After being pulled over for suspicion of a DUI, the person suspected of the DUI can reach a state of panic and wonder: “What is going to happen to me?” Unless a person is a regular in the criminal justice system, he or she is not likely to know what to expect when it comes to the criminal process.
Following the Arrest
After the person has been arrested, following being read their constitutional rights, the suspect will be brought to the police station where he or she will undergo a breath test. Sometimes, if the person is not capable of providing a breath test, he or she may receive a blood test.
It is possible the individual will be kept overnight and released upon certain circumstances or conditions. Sometimes, the person may be booked into jail. Alternatively, the person may be booked and released but told to return for an arraignment.
Following the arrest, if the person gave a breath test, he or she will be given a ticket showing the results. If the suspect took a blood test, it may take a couple weeks to a couple of months before those results will be processed and sent to the individual by the Washington State Toxicology Lab.
The arresting officer will be collecting additional evidence to support the case after the arrest. Criminal charges can happen immediately or within a few days following the arrest, sometimes even months.
If the officer’s report shows that enough evidence is there to charge the suspect with an official DUI charge, a complaint is filed with the court. Then the court will send the suspect a summons to appear in court, which is essentially a notice of the court date.
The first hearing following an arrest is called the arraignment. If the suspect is in police custody following the arrest, he or she will be brought before a judge or magistrate within 24 hours of his or her arrest and being brought into police custody. If the person is released after the arrest, a summons with the arraignment will be given at a later date.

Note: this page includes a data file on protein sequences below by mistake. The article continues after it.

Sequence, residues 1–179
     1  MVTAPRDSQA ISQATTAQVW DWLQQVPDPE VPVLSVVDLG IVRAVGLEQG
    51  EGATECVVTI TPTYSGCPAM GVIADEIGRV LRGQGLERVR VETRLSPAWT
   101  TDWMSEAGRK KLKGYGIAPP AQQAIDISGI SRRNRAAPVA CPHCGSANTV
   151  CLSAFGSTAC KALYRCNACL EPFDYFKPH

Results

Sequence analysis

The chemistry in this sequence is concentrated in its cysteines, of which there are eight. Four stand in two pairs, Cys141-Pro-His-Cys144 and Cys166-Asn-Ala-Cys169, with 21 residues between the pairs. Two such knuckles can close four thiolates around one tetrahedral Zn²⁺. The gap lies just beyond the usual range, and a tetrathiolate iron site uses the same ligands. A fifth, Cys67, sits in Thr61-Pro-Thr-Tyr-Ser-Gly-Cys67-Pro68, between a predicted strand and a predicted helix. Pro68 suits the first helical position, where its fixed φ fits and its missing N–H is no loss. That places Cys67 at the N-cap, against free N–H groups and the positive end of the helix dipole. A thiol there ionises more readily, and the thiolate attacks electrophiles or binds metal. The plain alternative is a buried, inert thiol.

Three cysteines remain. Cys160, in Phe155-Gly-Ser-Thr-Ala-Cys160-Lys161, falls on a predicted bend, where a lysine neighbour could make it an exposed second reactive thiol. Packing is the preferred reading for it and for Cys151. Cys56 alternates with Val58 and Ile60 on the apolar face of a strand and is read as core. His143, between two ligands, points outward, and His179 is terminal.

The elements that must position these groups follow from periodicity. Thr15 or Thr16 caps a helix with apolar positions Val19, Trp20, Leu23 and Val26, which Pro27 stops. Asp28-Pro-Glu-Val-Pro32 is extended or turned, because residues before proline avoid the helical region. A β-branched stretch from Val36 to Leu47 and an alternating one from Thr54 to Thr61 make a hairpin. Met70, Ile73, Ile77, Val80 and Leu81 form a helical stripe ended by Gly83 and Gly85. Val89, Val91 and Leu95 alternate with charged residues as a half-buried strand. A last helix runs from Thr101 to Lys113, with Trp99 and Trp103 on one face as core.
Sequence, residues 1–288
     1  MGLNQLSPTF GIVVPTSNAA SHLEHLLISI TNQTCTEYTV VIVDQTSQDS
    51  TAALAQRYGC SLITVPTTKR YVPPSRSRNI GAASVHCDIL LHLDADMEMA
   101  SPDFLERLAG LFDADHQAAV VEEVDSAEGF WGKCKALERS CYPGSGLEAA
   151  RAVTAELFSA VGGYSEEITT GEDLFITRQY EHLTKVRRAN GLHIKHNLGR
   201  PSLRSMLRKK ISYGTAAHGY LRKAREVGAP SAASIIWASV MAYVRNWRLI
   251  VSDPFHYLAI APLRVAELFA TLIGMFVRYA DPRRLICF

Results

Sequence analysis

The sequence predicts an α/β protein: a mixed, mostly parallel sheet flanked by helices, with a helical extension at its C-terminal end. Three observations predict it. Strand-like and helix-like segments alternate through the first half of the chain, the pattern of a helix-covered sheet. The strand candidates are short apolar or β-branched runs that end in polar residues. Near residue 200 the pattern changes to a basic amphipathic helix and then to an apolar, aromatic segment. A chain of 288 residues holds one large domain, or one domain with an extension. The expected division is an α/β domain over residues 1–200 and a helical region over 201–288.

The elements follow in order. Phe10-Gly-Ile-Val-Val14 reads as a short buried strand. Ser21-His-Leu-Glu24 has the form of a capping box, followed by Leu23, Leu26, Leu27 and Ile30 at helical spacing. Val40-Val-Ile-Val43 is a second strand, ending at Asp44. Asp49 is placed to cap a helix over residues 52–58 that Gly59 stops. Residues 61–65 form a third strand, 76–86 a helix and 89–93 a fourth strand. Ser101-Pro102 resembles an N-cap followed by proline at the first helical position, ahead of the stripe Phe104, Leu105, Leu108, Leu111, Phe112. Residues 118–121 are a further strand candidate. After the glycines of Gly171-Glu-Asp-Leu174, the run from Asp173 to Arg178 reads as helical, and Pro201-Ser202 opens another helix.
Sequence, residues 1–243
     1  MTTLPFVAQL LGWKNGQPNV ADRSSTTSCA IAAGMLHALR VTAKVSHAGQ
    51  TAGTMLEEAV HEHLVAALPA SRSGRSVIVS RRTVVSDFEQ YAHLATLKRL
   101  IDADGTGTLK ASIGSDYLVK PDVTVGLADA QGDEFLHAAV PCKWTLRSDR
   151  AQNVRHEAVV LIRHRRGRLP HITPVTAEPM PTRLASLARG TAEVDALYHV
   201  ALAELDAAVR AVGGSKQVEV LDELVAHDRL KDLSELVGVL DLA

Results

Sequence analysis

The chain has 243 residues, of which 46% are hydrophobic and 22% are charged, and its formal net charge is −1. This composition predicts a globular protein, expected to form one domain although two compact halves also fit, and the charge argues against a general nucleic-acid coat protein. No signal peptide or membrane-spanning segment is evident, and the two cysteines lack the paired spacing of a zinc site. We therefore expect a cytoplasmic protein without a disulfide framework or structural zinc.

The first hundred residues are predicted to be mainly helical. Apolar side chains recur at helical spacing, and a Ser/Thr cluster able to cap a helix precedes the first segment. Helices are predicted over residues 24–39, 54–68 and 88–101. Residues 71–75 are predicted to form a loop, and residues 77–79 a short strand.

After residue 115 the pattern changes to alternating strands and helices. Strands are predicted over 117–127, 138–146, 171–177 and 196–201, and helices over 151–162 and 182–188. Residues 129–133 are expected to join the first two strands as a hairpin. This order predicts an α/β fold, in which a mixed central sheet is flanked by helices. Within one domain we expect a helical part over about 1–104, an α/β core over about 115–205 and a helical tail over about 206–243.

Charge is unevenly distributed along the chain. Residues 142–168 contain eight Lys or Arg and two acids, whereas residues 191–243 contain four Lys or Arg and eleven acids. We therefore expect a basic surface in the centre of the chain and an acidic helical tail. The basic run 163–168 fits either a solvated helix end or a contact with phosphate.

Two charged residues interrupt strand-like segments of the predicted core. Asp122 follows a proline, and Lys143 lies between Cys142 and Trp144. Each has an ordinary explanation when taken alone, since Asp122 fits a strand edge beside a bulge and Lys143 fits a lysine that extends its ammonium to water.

During the arraignment hearing, the court gives the conditions of the suspect’s release. These conditions normally include following the law, a prohibition of alcohol or non-prescription drug consumption and a promise to appear at all future dates before the court.
Depending on the offense, the judge may also order the suspect to install an ignition interlock device on any car he or she drives, or to be restricted to electronic home monitoring. The judge may also determine bail.
Many factors play into setting these conditions, including the BAC level of the results, whether that person has a prior history of DUI, or whether anyone was hurt or killed in an accident connected to the DUI. The arraignment is also when the defendant will enter the official plea of not guilty or guilty, after he or she indicates whether the nature of the charges is understood.
Sometime after the arraignment, a pre-trial conference will be set. This court date is for negotiations between the prosecution and defense.
Attorneys will work out any questions regarding evidence, witness availability or schedule conflicts. But most importantly, during these pre-trial conferences, attorneys will try to work out an agreement or settlement. Plea deals or offers are normally discussed at this time.
However, if negotiations are not successful, the judge will set the date for trial during the pre-trial hearing.
If no plea agreement is reached, a hearing or trial will be held. Normally, the arresting officer is required to attend and will testify.
The defendant’s attorney will have the chance to cross-examine the officer and any other prosecution witnesses. The defense attorney will also have the chance to present the case against the DUI charges. The defense will have a chance to fight the evidence submitted, trying to poke holes in the results of any blood alcohol results.
After all evidence is presented, both sides will be able to give a final closing legal argument to support their position.
The defendant will have the option of choosing between a trial by jury or a bench trial, which means the judge is the individual making the decision. The defense attorney will be able to advise what is best depending on the circumstances. Many times, it is best to do a bench trial rather than have six jurors make the decision. Ultimately it depends on the case’s specific facts.
At the end of the trial, the jury or the judge will make the decision on whether the defendant is guilty of driving under the influence of alcohol.
If the defendant is convicted of the DUI charge, or even if he or she accepts a plea for a reduced charge, the next step is sentencing by the judge. The defendant will have the constitutional right to address the court if he or she believes, after advice from the defense attorney, that it will positively affect the Judge’s decision on sentencing.